There are lazy reporters and facile commentors out there. And there are, we have come to learn, actual Armstrong Williamses out there, who have no independence or integrity. They deserve a lot of scorn. But Tom Edsall and Dana Priest are not among them. Like everyone, they sometimes get things wrong. They look at facts and interpret them differently, they forget certain facts, they try to construct tight arguments and wind up misstating a case, or they don't have very good answers on the spur of the moment.--Mark Schmitt, Tapped
And we challenge them on it, as we should. It's a great world we live in that makes such a rapid, thorough discussion of a question possible. But the rush to find a nefarious motive (the "Armstrong Williams check"), or to disqualify a writer entirely as "drinking the Beltway Kool-Aid" doesn't further that discussion or add to our understanding.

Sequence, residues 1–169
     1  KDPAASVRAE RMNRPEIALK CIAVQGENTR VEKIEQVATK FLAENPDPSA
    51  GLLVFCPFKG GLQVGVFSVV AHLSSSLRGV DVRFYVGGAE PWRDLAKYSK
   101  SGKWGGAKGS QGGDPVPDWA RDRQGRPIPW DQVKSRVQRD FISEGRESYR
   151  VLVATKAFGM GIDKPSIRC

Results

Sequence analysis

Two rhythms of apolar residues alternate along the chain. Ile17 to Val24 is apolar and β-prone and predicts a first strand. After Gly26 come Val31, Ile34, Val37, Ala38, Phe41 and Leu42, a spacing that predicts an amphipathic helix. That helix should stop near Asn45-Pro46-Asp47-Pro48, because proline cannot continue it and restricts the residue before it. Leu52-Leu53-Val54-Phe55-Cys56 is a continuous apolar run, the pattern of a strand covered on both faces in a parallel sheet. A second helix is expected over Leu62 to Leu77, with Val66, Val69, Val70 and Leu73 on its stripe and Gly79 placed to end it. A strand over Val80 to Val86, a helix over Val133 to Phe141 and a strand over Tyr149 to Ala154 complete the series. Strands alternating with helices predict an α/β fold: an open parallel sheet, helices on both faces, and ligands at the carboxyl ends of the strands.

I like the philosophy of Wikipedia: Make it easy to make mistakes and easier to correct them. Imagine how Wikipedia would be if every contributor who got something wrong were banned forever. Yet that's often the tone of these blog attacks. We're all on a quest to understand just what's gone on in our public life the last few years and how to fix it. When we see an answer we think is wrong, we can't just declare the writer a "wanker" or a "courtier-servant," or whatever. Just respond to the argument. We're all going to be wrong sometimes.
November 28, 2006
Wannabes [Part III]: More on the A-hole tendency among lefty bloggers, here: